Turning over a New Leaf
Gareth Evans, about 10 months ago
For many people, thinking about education in prisons conjures images of lessons in 'how to tie fishing nets' or 'fold cardboard boxes'. It might surprise you, then, to learn that there is so much that motivated people in prisons can do to make amends and become better people. In this series of blogs on education in prisons, we will shine a light on the range of levels, needs and subject areas that are being made available to those who want to change their lives, positively.
It is shocking that there are about 5 million people in England alone who struggle to read and write. What is, perhaps, less shocking is that there is a disproportionate percentage of illiterate people in our prisons. Prison education goes some way to addressing these needs and there is a growing focus on providing education which meets the needs of a whole range of prisoners. Each prison has a contract with a local education provider, whose job it is to - amongst other things- facilitate adult literacy and numeracy tests. People can enter prison with poor functional skills and leave with GCSE equivalent qualifications
The landscape of prison education is much more diverse than this, though. Many industry-specific courses can be found up and down the country: from industrial cleaning, brick-laying and plumbing to horticulture, ICT and professional cooking. These are often run in conjunction with numeracy and literacy and offer some clear structure to structuring of how someone with minimal academic experience can shape a prospective career.
There are, however, many other considerations to be had when trying to move away from crime. For around 15 years, for example, one trust has been providing mentor training for people who can read in prisons to help those who cannot. Also, The Open University have been meeting the needs of students studying every level (from access-to-higher education courses to doctorates), whilst serving sentences in custody. Programmes addressing how to teach people who have often experienced disruptive school lives or had undiagnosed barriers to learning are happening in many prisons. People who never thought they could get a good grade - or even spell their own names- are turning their lives around. People who, before prison, had failed to find direction are finding their callings in academia.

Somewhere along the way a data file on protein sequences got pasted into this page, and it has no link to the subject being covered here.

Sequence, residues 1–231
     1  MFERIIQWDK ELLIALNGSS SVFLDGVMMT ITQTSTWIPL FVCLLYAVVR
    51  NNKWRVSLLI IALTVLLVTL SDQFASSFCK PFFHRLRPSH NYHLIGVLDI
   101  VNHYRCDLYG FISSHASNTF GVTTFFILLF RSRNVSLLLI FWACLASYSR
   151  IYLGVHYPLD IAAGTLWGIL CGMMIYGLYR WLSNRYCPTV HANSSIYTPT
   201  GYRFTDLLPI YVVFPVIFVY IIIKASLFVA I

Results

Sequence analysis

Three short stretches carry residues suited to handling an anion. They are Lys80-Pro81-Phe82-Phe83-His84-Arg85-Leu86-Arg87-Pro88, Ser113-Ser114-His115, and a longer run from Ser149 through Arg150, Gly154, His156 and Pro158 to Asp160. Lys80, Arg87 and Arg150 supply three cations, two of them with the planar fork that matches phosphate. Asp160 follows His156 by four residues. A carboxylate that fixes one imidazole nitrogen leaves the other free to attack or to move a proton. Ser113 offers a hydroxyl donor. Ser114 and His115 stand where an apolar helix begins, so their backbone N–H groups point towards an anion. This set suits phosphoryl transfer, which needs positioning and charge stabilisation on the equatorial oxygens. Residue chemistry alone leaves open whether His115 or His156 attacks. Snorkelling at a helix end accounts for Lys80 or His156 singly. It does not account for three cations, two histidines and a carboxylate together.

The extent of the potential development available to (and frequently accessed by) prisoners cannot be underestimated. When people finally experience the connectedness and self-confidence that studying can provide, despite past schooling encounters, it tends to ignite a desire to understand their interests in the most in-depth ways. Advanced degrees give a further window into a subject that connects people to the world through curiosity and expertise. What is more, people who have studied in prison have, quite possibly, done so in a more studious and diligent way. The isolation and lack of distraction means students in prison are attentive to their studies in a way that is not always possible in traditional universities.
In this series we will demonstrate how small and national projects alike are providing portals for prisoners to transform their lives and we will hear from one or two who know what that transformation feels like. Myths and presumptions might be challenged when you read about how many people go on to do so many amazing things precisely because of education in prisons.